Growing old with grace is no easy feat, although an elegant environment certainly makes the process easier.
This was the unique brief provided to YC Chen and Natalie Tsoi of design firm hoo in creating this, 2,300sqft Jardine’s Lookout home for a cosmopolitan lady in her 60s to enjoy her golden years while accommodating regular visits from her daughter’s family, who live in a neighbouring building.
We wanted it to feel vintage and modern at the same time.
A number of years back, YC had designed the current home of the daughter in a decidedly more modern and minimal style. Naturally, when the time came for her mother to move into a nearby property, the daughter’s high praise for YC’s work was more than enough to convince the lady of the house to completely place the aesthetic in the designer’s hands.
Of the style they settled upon, YC explains: We call it mid-century modern classic. We added a lot of French elements throughout the house to make it more feminine. We wanted it to feel vintage and modern at the same time.
This approach has informed everything within, from the classical French moulding of the beige-grey cabinets to the star-patterned wooden parquet flooring, which was custom-designed by hoo. The palette remains soft yet concise throughout, utilising a range of pastels as seen in the velvet Beetle dining chairs by Gubi. This is further tempered by muted greys in the Living Divani sofa and the cloudy silk wallpaper of the living room, beautifully painted by French-Moroccan mural artist Assia Bennani.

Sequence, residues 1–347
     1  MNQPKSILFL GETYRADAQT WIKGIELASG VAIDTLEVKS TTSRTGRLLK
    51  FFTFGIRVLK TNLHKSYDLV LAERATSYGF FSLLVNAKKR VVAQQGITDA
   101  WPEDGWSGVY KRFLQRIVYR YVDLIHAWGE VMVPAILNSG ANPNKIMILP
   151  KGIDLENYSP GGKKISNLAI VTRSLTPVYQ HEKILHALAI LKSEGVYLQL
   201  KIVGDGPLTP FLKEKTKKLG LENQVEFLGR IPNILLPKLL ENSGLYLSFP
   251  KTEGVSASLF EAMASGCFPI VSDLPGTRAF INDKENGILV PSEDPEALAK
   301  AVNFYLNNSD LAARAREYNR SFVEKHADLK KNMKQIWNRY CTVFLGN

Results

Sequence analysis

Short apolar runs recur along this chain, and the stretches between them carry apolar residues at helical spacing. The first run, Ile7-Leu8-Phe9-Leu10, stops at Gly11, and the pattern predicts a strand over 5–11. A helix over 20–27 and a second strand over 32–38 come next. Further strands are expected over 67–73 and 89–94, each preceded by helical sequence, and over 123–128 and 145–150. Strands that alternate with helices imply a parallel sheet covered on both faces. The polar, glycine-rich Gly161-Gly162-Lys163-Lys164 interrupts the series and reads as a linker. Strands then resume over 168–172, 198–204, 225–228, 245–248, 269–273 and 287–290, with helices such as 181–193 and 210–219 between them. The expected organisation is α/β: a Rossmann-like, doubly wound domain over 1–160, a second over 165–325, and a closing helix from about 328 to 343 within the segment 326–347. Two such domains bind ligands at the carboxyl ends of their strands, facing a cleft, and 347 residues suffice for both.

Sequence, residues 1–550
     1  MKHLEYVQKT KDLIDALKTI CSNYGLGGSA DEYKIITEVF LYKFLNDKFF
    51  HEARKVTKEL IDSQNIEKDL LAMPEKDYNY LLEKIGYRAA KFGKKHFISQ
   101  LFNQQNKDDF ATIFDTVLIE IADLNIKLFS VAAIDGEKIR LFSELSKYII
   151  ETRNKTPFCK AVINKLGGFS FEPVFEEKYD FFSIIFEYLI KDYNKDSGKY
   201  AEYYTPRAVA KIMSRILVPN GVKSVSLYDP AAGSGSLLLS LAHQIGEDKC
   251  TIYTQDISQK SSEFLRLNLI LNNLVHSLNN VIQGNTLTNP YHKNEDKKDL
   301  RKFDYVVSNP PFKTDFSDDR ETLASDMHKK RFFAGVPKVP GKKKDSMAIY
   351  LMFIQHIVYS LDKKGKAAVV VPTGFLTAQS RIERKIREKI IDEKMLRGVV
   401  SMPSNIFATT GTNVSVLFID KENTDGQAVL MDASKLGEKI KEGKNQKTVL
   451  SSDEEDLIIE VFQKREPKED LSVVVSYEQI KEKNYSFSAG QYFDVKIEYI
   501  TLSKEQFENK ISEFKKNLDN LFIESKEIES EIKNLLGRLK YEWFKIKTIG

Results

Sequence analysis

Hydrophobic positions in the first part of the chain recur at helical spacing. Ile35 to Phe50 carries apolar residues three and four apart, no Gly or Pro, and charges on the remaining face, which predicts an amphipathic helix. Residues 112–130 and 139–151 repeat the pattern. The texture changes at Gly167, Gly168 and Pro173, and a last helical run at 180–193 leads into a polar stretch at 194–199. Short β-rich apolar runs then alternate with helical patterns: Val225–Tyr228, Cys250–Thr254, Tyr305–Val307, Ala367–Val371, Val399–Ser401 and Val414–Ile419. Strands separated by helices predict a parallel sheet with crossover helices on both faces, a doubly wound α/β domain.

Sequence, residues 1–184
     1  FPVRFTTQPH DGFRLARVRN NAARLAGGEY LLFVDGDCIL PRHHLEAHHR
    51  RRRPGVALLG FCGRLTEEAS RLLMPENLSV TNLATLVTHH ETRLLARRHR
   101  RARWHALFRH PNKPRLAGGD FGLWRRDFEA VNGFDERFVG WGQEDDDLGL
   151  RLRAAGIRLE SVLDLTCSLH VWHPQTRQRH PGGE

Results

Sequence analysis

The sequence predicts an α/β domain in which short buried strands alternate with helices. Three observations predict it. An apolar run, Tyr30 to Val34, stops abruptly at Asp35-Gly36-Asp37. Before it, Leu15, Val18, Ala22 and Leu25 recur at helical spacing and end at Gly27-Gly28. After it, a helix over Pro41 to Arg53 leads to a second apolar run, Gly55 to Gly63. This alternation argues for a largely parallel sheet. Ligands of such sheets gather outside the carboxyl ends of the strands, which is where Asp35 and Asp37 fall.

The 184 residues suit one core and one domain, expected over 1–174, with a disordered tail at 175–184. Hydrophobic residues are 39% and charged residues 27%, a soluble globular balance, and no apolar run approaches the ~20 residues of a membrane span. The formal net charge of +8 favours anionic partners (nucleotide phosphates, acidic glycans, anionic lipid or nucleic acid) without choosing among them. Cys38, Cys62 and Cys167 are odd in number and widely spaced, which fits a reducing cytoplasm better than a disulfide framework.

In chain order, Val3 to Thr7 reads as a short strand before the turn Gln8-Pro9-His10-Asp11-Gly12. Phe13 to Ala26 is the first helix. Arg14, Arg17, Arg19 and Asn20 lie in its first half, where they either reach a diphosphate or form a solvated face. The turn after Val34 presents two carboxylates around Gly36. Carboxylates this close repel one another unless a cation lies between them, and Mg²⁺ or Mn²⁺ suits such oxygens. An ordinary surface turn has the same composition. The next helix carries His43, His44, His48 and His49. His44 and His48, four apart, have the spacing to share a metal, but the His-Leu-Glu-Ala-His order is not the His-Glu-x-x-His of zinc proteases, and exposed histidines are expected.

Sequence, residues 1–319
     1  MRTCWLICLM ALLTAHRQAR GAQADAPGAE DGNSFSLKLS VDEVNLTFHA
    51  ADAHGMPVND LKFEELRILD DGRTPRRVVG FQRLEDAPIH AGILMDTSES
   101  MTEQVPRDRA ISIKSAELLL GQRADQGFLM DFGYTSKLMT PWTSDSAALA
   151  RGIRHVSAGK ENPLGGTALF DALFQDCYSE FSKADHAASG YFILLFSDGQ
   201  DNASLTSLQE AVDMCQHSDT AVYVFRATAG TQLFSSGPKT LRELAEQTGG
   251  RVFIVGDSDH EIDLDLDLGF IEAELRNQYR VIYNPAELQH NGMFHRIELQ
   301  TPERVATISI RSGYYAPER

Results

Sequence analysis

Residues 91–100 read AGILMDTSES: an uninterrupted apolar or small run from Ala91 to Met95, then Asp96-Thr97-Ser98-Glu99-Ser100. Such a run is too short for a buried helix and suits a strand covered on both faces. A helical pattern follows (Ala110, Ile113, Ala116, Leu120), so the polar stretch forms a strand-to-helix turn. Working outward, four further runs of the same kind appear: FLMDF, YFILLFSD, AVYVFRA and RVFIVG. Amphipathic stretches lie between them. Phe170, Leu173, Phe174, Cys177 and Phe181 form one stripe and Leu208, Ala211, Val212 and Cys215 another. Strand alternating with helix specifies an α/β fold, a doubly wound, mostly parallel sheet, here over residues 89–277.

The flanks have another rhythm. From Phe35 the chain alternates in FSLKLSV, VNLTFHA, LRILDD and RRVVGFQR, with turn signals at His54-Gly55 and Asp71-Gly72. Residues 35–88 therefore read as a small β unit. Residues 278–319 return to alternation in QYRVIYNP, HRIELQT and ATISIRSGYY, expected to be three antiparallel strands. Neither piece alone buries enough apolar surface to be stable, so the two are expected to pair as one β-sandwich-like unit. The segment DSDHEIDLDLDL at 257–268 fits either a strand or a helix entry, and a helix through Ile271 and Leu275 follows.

Metallic accents add an edge of material juxtaposition, as seen in the controlled use of brass in various fixtures throughout the house: the Modo chandelier by Roll & Hill above the dining table, the Kohler bath faucet and Allied Maker’s Arc Globe pendant lights. Elsewhere, an element of drama is injected into the home via the striking, all-over floral wallcovering by Ellie Cashman in the powder room, undoubtedly imbuing the client’s beauty routine with a certain gravitas.
Meanwhile, hidden elements in the abode cleverly transform spaces from public to private, should the client’s grandchildren stay the night. For instance, a raised platform in the lounge conceals a tatami bed underneath the flooring, while curtains flanking the glass partitions throughout the home allow for flexible privacy with a quick tug.
The overall effect of this space can be summed up in one word: poise. With a subtle yet sophisticated interplay of colours, materials and patterns, YC’s design hints at an undercurrent of nostalgia while remaining entirely tasteful – perhaps reflective of the client herself. She welcomed our ideas and really believed in us, recounts YC. That’s why it was one of our favourite projects of the year.
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